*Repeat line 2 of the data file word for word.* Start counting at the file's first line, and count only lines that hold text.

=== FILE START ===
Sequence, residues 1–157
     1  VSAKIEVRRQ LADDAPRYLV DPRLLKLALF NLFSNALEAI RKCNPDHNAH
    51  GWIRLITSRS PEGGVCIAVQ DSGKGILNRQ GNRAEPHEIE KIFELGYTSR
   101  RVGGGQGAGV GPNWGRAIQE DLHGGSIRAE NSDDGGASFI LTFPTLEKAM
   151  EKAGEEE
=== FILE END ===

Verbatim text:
     1  VSAKIEVRRQ LADDAPRYLV DPRLLKLALF NLFSNALEAI RKCNPDHNAH